Indulge in omakase

Indulge in omakase

Sushi Saryu's chef Seiji Sudo delivers a top-tier experience


The Japanese concept of omakase has in recent years taken Bangkok's food scene by storm.

The chef's signature sauce-cured katsuo.

Evolving entirely around imported ingredients, the boom of upscale sushi omakase restaurants in the city may be seen as an indication of wealth.

Omakase diners know the menu always comes as a surprise, but they are willing to spend anything from middle four digits to five digits per person.

And despite the high price tag, these premium sushi houses never lack customers on waiting lists.

At Sushi Saryu, pronounced "sah-rew", which humbly opened in July in an exquisite office building on Sathon, guests are recommended to reserve their seats at least a month in advance.

The restaurant is set in an intimate, almost hidden, all-white chamber and only seats six diners at a time.

Single-handly driving the kitchen is chef Seiji Sudo, a Kyushu native who worked at a number of renowned sushi restaurants in Tokyo, Singapore and Thailand.

Chef Seiji is no stranger to sushi connoisseurs in Bangkok. In fact, while working at Tama Sushi, his last post in Sukhumvit, he congregated a group of culinary followers, many of them A-listers.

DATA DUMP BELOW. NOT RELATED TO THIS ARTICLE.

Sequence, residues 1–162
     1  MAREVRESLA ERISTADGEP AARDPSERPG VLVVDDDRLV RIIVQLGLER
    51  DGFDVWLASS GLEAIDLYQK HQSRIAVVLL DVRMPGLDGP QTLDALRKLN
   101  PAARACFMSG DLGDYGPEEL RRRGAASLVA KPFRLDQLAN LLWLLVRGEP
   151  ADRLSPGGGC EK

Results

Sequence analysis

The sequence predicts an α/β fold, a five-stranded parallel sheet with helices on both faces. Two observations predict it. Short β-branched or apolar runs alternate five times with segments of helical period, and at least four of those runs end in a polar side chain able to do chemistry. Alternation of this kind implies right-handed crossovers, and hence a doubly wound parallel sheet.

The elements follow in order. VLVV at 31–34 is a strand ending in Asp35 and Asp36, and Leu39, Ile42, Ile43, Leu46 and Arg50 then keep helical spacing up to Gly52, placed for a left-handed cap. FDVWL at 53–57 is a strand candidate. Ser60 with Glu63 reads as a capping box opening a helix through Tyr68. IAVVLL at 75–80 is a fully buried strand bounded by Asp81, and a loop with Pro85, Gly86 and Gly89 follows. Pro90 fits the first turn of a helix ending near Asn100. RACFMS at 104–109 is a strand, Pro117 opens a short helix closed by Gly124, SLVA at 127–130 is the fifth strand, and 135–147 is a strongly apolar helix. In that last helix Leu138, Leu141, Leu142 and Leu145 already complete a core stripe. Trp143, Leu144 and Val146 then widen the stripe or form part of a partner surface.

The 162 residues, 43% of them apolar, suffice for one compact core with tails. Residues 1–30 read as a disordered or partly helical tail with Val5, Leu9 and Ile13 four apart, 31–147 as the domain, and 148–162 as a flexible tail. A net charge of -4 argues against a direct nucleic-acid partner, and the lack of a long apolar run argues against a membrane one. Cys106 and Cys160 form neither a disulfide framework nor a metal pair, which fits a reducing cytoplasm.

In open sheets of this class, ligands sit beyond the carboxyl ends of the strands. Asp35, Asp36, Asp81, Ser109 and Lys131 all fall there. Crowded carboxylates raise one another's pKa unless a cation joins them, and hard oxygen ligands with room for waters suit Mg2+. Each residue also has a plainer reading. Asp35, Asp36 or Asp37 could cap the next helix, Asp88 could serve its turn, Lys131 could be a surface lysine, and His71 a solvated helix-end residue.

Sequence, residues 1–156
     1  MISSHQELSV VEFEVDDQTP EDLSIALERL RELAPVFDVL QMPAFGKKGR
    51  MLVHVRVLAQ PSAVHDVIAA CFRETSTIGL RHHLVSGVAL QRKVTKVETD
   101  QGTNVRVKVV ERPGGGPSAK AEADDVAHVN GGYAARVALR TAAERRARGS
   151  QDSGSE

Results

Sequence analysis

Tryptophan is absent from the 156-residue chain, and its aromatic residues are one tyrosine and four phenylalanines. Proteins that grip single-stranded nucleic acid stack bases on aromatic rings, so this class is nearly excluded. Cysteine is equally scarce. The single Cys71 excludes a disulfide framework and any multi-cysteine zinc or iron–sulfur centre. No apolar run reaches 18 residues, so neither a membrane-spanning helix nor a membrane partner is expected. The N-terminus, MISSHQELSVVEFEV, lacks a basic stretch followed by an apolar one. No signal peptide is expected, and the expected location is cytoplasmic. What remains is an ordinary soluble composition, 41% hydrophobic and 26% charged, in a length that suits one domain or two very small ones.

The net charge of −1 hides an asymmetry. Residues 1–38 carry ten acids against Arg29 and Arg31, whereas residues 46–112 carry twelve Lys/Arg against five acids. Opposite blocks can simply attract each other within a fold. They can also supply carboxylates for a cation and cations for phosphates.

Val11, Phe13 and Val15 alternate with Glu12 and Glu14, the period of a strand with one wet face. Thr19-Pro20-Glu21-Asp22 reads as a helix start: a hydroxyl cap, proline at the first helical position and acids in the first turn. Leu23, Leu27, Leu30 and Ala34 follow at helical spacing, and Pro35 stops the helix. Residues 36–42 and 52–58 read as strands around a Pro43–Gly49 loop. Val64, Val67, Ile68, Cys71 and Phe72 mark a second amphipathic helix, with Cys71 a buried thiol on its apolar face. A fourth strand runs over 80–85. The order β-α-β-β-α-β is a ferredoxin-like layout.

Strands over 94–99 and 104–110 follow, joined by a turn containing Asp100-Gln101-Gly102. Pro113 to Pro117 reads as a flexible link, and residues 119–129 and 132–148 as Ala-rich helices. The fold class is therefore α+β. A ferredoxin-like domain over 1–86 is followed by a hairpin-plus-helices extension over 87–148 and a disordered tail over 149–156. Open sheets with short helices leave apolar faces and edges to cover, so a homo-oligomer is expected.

The baked rice with hairy crab meat, uni, cod milt, aged mullet roe and flamed-grilled fillet of beltfish.

A meal at Sushi Saryu, which I visited a couple of weeks ago, costs 8,000 baht per head.

It encompasses 15 savoury items -- some ample dishes, some in chock-full bite sizes -- plus a dessert.

The seafood here comes from Toyosu market, a new wholesale fish market in Tokyo and the largest and most modern of its kind in the world.

My dinner featured top-tier seasonal produce, including nodoguro (blackthroat seaperch), kawahagi (thread-sail filefish), tachiuo (beltfish), awabi (Japanese abalone), kegani (hairy crab), seiko kani (female snow crab), ankimo (monkfish liver) and shirako (cod milt).

But on top of the excellent ingredients is chef Seiji's attentiveness to detail, whether it be the food preparation, presentation and temperature, the dining ware or the background music.

The evening began with a complimentary cup of sake. Sushi Saryu boasts an exclusive selection of champion-grade sakes with prices ranging from 4,000-47,000 baht per bottle.

The warm rice with charcoal-grilled blackthroat seaperch and sujiko roe.

Chutoro aburi, a sumptuously large and fatty slab of tuna flash-seared on one side, came blanketing a small helping of sushi rice on a nori seaweed sheet to represent the first course.

It's a simple marriage of flavourful and delicate fish and perfectly-seasoned sushi rice that results in true tastebud ecstasy.

That night was my first time enjoying sea urchin roe as a soup, and it proved a delightful treat. Three bright scoops of super sweet and buttery Murasaki uni came in a warm consomme seasoned with just salt and fresh wasabi.